Test Catalog

Interpretive Handbook

Test 89407 :
Alpha-Galactosidase, Blood Spot

Clinical Information Discusses physiology, pathophysiology, and general clinical aspects, as they relate to a laboratory test

Fabry disease is an X-linked recessive lysosomal storage disorder resulting from deficient activity of the enzyme alpha-galactosidase A (a-Gal A) and the subsequent deposition of glycosylsphingolipids in tissues throughout the body, in particular, the kidney, heart, and brain. More than 150 mutations in the GLA gene have been identified in individuals diagnosed with Fabry disease. Severity and onset of symptoms are dependent on the amount of residual enzyme activity. The classic form of Fabry disease occurs in males with less than 1% a-Gal A activity. Symptoms usually appear in childhood or adolescence and can include acroparesthesias (pain crises in the extremities), multiple angiokeratomas, reduced or absent sweating, and corneal opacity. In addition, progressive renal involvement leading to end-stage renal disease typically occurs in adulthood followed by cardiovascular and cerebrovascular disease. The estimated incidence is 1 in 40,000 males.


Males with residual a-Gal A activity may present with either of 2 variant forms of Fabry disease (renal or cardiac) with onset of symptoms later in life. Individuals with the renal variant typically present in the third decade with the development of renal insufficiency and, ultimately, end-stage renal disease. These individuals may or may not share other symptoms with the classic form of Fabry disease. Individuals with the cardiac variant are often asymptomatic until they present with cardiac findings such as cardiomyopathy, mitral insufficiency, or conduction abnormalities in the fourth decade. The cardiac variant is not associated with renal failure. Variant forms of Fabry disease may be underdiagnosed.


Enzyme replacement therapy became available for Fabry disease treatment in the early 2000s, which lead to significant clinical improvement unless irreversible damage had already occurred. For this reason, early detection of Fabry disease through newborn screening is expected to improve the outcome of affected patients and has recently been implemented in 2 US states. 


Females who are carriers of Fabry disease can have clinical presentations ranging from asymptomatic to severely affected and may have a-Gal A activity in the normal range; therefore, additional studies including molecular genetic analysis of the GLA gene (FABRZ / Fabry Disease, Full Gene Analysis) are recommended to detect carriers.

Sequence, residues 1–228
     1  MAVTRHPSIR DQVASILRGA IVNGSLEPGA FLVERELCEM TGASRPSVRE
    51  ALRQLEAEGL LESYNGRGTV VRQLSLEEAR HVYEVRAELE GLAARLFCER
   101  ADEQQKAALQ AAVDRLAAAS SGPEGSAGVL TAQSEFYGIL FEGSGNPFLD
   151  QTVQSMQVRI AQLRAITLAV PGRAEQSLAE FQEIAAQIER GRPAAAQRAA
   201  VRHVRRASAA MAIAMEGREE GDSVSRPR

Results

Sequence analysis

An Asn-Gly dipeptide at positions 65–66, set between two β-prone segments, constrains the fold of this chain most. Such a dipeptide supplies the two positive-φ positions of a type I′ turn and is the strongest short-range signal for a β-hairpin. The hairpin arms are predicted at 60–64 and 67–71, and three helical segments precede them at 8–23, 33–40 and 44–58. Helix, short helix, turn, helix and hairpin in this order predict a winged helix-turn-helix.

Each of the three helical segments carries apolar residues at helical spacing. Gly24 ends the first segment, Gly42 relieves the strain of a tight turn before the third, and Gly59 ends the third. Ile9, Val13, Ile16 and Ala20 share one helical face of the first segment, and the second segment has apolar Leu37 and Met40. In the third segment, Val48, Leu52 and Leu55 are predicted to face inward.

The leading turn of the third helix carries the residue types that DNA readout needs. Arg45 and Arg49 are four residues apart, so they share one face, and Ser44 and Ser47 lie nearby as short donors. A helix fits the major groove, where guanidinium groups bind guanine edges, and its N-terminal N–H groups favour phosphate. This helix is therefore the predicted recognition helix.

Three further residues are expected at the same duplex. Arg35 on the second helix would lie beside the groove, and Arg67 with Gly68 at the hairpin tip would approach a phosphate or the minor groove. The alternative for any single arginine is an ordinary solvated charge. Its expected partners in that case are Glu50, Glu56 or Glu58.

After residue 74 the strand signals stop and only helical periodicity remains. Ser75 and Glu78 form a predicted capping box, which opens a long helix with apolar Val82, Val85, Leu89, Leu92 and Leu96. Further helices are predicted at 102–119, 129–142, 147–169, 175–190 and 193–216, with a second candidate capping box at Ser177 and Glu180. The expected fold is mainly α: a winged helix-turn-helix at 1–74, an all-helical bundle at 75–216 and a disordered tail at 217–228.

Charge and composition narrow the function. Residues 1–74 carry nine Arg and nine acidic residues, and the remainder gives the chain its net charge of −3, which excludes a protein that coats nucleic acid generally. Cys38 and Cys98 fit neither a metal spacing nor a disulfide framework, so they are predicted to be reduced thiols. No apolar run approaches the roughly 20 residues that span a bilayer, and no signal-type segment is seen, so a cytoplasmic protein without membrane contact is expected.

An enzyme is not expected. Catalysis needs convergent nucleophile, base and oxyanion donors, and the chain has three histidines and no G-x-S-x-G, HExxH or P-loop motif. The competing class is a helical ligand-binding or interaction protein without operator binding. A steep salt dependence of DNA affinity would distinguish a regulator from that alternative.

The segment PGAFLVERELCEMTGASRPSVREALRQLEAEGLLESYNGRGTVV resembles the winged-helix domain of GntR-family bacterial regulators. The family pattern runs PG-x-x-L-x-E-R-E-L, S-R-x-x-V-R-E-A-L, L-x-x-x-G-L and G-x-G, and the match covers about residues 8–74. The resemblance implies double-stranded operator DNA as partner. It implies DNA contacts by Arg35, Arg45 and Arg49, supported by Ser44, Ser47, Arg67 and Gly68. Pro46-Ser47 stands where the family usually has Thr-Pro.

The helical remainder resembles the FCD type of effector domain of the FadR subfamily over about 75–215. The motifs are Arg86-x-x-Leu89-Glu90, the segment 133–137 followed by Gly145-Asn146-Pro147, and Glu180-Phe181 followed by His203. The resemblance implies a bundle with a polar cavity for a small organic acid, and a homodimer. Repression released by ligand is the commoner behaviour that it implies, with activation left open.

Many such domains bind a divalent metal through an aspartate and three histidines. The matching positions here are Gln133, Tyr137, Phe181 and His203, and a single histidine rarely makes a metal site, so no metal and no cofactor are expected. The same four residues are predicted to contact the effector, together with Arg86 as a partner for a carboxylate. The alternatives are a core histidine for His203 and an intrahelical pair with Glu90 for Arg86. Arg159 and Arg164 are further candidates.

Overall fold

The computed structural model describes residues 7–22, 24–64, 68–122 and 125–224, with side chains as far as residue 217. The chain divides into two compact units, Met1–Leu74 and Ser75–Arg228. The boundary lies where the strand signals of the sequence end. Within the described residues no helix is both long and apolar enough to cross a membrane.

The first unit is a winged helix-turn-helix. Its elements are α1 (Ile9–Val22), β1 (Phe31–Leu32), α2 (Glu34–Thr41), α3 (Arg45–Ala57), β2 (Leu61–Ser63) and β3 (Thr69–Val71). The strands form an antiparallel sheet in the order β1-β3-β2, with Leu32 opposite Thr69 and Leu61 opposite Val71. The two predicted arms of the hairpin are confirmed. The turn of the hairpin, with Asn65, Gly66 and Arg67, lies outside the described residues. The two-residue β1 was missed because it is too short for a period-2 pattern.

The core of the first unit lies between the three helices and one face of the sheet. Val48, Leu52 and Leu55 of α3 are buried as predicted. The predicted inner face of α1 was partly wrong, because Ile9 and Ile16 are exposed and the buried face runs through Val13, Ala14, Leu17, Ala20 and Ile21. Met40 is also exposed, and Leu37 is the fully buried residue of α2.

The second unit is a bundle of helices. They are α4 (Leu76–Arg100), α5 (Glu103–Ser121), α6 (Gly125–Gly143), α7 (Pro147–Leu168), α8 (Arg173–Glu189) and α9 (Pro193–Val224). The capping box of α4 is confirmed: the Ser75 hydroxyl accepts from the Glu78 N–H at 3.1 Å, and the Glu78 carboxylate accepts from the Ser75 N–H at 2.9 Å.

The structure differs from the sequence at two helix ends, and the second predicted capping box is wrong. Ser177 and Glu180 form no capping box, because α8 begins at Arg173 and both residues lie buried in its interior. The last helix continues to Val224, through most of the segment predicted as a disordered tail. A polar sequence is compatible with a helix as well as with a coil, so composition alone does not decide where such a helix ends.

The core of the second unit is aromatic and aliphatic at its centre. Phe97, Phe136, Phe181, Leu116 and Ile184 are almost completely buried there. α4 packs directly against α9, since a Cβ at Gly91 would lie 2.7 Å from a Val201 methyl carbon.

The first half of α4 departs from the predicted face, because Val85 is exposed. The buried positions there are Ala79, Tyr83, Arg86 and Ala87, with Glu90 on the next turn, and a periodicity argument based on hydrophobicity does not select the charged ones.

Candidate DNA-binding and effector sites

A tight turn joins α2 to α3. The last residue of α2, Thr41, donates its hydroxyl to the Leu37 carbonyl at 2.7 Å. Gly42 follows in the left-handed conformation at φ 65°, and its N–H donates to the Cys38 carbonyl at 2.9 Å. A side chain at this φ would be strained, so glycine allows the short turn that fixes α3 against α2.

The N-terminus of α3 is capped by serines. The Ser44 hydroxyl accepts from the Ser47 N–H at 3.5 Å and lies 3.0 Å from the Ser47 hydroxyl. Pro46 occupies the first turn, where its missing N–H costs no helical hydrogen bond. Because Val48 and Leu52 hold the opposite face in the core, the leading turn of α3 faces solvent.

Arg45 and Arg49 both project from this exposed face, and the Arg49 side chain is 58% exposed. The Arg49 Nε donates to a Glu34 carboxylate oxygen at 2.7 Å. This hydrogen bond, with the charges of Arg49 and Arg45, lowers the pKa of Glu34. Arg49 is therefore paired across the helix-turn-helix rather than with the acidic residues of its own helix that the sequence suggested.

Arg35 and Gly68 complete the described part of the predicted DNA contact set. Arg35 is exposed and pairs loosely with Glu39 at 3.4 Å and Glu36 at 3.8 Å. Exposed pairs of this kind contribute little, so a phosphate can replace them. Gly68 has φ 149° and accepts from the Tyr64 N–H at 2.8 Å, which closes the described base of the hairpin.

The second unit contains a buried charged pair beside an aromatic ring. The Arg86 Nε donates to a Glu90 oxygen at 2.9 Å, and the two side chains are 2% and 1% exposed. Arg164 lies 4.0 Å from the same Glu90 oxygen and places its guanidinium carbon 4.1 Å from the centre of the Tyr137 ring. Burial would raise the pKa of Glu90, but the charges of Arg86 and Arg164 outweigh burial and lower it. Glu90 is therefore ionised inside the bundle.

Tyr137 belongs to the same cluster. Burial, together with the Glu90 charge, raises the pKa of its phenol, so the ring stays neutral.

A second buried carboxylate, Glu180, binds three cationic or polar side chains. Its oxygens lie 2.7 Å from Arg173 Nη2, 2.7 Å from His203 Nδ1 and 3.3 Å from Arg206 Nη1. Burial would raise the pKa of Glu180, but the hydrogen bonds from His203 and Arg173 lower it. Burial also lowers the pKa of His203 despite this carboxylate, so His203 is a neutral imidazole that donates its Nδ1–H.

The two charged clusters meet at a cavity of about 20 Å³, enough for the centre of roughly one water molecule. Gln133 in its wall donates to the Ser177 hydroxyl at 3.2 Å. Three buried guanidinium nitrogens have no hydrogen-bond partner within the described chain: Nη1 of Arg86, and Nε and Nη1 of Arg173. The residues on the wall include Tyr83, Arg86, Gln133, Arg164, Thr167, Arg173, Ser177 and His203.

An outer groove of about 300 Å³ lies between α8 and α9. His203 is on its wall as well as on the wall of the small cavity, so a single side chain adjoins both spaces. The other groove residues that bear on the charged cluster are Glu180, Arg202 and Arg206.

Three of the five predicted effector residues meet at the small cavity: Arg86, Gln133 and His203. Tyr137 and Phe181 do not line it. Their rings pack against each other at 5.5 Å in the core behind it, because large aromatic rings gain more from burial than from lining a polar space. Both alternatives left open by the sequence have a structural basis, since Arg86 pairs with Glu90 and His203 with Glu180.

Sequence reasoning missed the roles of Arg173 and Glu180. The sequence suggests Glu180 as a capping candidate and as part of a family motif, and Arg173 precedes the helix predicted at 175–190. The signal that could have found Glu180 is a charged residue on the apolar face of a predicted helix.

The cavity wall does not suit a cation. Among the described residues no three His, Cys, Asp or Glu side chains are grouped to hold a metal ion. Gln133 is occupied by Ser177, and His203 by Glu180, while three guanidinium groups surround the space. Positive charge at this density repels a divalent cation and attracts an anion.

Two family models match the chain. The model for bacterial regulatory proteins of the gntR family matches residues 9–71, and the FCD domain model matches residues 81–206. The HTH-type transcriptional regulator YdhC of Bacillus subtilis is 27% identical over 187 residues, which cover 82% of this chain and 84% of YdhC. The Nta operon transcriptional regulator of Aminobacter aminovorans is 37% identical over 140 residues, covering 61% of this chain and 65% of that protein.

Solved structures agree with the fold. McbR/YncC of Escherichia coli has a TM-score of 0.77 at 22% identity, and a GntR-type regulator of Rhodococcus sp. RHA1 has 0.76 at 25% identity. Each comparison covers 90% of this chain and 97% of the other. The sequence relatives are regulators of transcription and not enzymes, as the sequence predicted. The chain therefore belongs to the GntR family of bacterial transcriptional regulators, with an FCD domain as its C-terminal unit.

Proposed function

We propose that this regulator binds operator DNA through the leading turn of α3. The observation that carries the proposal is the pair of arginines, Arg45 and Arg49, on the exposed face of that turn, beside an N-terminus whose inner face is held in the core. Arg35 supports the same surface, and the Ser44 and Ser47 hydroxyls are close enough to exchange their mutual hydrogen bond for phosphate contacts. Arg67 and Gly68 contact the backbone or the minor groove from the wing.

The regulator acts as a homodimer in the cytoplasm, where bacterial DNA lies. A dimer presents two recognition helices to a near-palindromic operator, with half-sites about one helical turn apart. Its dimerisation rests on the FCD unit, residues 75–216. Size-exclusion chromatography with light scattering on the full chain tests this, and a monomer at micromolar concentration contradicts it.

Reduced or absent a-Gal A in blood spots, leukocytes (AGA / Alpha-Galactosidase, Leukocytes), or serum (AGAS / Alpha-Galactosidase, Serum) can indicate a diagnosis of classic or variant Fabry disease. Molecular sequence analysis of the GLA gene (FABRZ / Fabry Disease, Full Gene Analysis) allows for detection of the disease-causing mutation in affected patients and carrier detection in females.


See Fabry Disease Testing Algorithm in Special Instructions.

Useful For Suggests clinical disorders or settings where the test may be helpful

Evaluation of patients with a clinical presentation suggestive of Fabry disease


Follow-up to an abnormal newborn screen for Fabry disease

Interpretation Provides information to assist in interpretation of the test results

In male patients, results less than 1.2 nmol/mL/hour in properly submitted specimens are consistent with Fabry disease. Normal results (> or =1.2 nmol/mL/hour) are not consistent with Fabry disease.


In female patients, normal results (> or =2.8 nmol/mL/hour) in properly submitted specimens are typically not consistent with carrier status for Fabry disease; however, enzyme analysis, in general, is not sufficiently sensitive to detect all carriers. Because a carrier range has not been established in females, molecular genetic analysis of the GLA gene (FABRZ / Fabry Disease, Full Gene Analysis) should be considered when alpha-galactosidase A activity is less than 2.9 nmol/mL/hour, or if clinically indicated.


Pseudodeficiency results in low measured alpha-galactosidase A, but is not consistent with Fabry disease; GAAZ / Pompe Disease, Full Gene Analysis should be performed to resolve the clinical question.


See Fabry Disease Testing Algorithm in Special Instructions.

Cautions Discusses conditions that may cause diagnostic confusion, including improper specimen collection and handling, inappropriate test selection, and interfering substances


Reference Values Describes reference intervals and additional information for interpretation of test results. May include intervals based on age and sex when appropriate. Intervals are Mayo-derived, unless otherwise designated. If an interpretive report is provided, the reference value field will state this.

Males: > or =1.2 nmol/mL/h

Females: > or =2.8 nmol/mL/h

An interpretive report will be provided.

Clinical References Provides recommendations for further in-depth reading of a clinical nature

1. Chamoles NA, Blanco M, Gaggioli D: Fabry disease: enzymatic diagnosis in dried blood spots on filter paper. Clin Chim Acta 2001;308:195-196

2. De Schoenmakere G, Poppe B, Wuyts B, et al: Two-tier approach for the detection of alpha-galactosidase A deficiency in kidney transplant recipients. Nephrol Dial Transplant 2008;23:4044-4048

3. Spada M, Pagliardini S, Yasuda M, et al: High incidence of later-onset Fabry disease revealed by newborn screening. Am J Hum Genet 2006;79:31-40

4. Matern D, Gavrilov D, Oglesbee D, et al: Newborn screening for lysosomal storage disorders. Semin Perinatol 2015 Apr;39(3):206-216

5. Mehta A, Hughes DA: Fabry Disease. In GeneReviews. Accessed 11/30/15. Available at URL: http://www.ncbi.nlm.nih.gov/books/NBK1292/